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Some cough and cold meditations contain PPA, a chemical suspected of raising the risk of strokes.

Risk From Cold Cures
Popular decongestant linked to strokes

Bad case of the sniffles? No one thinks twice about reaching out for cough mixtures and cold remedies. But it may be time to take a closer look at the list of active ingredients the next time you pick up a box of medication from the local pharmacy. A five-year study conducted by Yale University in the United States has linked a commonly used decongestant to higher risk of hemorrhagic stroke, or bleeding in the brain. The disputed chemical called phenylpropanolamine, or PPA, is also found in some appetite suppressants.

Researchers at Yale's medical school studied more than 2,000 people, including 702 who were hospitalized due to a stroke, and whether they had PPA within the previous three days. According to the findings, patients who took the chemical in cold medication were 1.23 times more likely than control subjects to have a stroke. Those who took diet treatments containing PPA faced even higher chances of getting an attack.

These results have prompted an expert panel of the U.S. Food and Drug Administration to urge that the drug be classed as "unsafe." The agency is now considering a final decision on the experts' warning. Ironically, the Yale study was funded by a drug industry group, which is now attacking the findings. U.S. drug regulators have been keeping an eye on PPA, which is found in many over-the-counter remedies in the country, for over a decade because of stroke suspicions.

In Hong Kong, PPA medications are sold through pharmacists and doctors' clinics. According to a health department spokesperson, about 20 of more than 100 prescription cough and cold remedies contain the suspect chemical. But until there is more conclusive data, he says, "consumers can express their concerns to doctors and pharmacists if they want to avoid PPA." Remedies containing the chemical available in Hong Kong include Antiflu Forte, Coritab, Dime-Time, Dimetapp, Febricol, Neozep, Robitussin CF, Sinutab, Tripe 'P' Cough Syrup and Uni-vasin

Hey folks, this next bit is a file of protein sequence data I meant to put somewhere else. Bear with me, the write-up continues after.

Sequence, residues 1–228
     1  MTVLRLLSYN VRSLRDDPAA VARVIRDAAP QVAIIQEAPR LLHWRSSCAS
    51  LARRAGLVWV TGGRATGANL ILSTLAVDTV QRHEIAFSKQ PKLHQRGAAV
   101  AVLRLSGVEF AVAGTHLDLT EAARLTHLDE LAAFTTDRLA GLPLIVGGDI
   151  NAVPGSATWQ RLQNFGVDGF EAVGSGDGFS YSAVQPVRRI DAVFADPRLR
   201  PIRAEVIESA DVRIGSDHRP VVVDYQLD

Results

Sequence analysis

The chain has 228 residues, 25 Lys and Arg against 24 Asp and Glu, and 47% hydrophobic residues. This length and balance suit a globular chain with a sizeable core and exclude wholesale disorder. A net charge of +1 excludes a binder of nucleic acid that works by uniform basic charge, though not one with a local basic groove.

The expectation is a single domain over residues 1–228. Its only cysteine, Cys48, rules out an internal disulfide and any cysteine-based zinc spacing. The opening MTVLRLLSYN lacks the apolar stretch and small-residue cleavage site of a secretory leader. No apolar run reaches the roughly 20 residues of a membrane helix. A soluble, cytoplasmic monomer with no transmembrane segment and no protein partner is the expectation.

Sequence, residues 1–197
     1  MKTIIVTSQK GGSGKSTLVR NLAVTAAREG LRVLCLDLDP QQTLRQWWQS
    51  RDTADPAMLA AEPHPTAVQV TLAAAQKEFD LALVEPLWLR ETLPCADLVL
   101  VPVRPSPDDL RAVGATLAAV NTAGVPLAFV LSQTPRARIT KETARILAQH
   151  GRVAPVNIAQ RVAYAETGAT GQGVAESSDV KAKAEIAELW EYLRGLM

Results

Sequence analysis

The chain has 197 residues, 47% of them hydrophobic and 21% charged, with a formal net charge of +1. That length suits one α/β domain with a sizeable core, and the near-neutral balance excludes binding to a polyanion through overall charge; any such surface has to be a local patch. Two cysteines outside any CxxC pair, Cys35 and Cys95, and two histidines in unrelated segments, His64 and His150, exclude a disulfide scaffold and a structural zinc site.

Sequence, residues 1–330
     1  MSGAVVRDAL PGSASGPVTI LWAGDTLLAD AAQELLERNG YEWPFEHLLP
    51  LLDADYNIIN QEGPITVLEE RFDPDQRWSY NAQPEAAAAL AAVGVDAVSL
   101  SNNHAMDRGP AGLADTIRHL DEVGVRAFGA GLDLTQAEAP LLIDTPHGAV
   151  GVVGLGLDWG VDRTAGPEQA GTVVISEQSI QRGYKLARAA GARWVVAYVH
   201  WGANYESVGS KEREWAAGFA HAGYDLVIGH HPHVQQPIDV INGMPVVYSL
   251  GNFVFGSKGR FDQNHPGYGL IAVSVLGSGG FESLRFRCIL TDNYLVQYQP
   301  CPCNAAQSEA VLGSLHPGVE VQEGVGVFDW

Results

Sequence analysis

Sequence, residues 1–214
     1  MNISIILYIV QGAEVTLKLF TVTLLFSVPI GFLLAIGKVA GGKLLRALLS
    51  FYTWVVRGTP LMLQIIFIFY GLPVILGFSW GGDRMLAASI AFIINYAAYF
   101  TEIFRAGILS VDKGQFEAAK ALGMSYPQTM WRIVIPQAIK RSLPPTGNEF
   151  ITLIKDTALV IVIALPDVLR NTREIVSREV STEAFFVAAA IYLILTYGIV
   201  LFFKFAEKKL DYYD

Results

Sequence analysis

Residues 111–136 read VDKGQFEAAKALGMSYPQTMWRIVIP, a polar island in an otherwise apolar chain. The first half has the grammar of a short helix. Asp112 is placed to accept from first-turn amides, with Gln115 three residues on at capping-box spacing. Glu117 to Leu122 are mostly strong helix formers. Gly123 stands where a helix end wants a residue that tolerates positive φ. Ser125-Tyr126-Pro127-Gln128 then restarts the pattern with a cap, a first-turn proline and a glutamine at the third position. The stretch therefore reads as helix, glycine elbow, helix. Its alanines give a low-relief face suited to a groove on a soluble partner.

Dr. Lawrence Wong Ka-sing, an associate professor of neurology at the Chinese University of Hong Kong, believes consumers need not be too concerned about the decongestant. "It is much more important to control high blood pressure," he says. But physicians such as Dr. Ray Woosley, pharmacology chairman at Georgetown University in Washington, call for caution. Why take the risk when there are safer alternatives, he asks. Good question.

In Brief
Pungent Protection Count Dracula was no fan of garlic, but lovers of good food are. And so are those who look after their health. The pungent bulb is said to deliver many benefits, including cleaner blood. Now specialists at the University of North Carolina at Chapel Hill report that garlic can protect against stomach and colon cancer.

Dr. Lenore Arab and his colleagues evaluated 18 studies that looked at garlic eaters. They found the results suggest that high consumption of raw or cooked garlic decreases the risk of colorectal cancer by 10% to 50%, and lowers the risk of developing stomach cancer by 50%. Garlic supplements had a less significant impact. How much garlic is enough? The average intake among the biggest fans was about six cloves a week.

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